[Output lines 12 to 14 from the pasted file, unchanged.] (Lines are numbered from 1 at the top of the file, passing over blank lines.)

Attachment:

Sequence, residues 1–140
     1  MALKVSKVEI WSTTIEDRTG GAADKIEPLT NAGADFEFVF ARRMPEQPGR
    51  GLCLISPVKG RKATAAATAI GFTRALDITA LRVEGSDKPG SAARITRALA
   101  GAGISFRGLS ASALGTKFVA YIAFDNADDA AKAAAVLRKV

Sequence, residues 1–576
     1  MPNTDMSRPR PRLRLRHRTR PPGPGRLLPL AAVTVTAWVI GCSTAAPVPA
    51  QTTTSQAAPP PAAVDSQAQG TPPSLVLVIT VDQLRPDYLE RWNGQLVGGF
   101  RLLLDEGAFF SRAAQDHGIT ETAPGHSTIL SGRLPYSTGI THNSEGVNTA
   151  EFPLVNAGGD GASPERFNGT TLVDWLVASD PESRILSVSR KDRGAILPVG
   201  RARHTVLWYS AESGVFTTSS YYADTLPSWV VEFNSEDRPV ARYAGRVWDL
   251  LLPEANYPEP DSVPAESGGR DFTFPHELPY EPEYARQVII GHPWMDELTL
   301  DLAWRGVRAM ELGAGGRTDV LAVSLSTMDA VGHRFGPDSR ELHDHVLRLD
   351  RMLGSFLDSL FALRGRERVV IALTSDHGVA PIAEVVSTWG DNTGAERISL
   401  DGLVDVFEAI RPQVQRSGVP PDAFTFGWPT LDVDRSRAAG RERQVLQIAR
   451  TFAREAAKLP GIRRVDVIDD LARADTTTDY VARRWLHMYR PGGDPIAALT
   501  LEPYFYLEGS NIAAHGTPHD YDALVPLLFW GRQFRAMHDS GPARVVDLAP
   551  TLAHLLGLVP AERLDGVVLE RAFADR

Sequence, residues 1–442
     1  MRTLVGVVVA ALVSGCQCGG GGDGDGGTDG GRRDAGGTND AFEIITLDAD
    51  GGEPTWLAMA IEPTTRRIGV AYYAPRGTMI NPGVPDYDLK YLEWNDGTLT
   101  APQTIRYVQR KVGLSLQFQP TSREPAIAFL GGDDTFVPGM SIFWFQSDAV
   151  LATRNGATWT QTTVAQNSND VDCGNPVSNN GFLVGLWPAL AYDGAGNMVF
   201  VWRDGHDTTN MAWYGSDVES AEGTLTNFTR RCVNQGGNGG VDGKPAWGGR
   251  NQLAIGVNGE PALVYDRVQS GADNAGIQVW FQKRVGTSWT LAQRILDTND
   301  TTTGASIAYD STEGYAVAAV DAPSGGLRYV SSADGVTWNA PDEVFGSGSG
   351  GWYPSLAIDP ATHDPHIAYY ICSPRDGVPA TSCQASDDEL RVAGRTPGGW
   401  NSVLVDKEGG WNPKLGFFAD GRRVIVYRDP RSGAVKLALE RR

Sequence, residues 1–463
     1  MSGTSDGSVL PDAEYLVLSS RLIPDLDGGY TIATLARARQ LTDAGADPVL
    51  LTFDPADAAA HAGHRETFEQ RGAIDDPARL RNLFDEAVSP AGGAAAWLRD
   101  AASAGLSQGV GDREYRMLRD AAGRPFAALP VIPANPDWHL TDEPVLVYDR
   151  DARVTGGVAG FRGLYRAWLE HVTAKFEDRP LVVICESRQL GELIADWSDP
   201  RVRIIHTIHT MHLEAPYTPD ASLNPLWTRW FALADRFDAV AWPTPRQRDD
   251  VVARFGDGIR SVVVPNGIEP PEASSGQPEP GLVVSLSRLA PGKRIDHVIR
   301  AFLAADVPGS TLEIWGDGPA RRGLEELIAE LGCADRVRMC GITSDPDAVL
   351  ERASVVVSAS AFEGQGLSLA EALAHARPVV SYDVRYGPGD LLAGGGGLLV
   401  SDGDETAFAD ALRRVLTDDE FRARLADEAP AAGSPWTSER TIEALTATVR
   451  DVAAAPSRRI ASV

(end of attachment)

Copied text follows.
   301  DLAWRGVRAM ELGAGGRTDV LAVSLSTMDA VGHRFGPDSR ELHDHVLRLD
   351  RMLGSFLDSL FALRGRERVV IALTSDHGVA PIAEVVSTWG DNTGAERISL
   401  DGLVDVFEAI RPQVQRSGVP PDAFTFGWPT LDVDRSRAAG RERQVLQIAR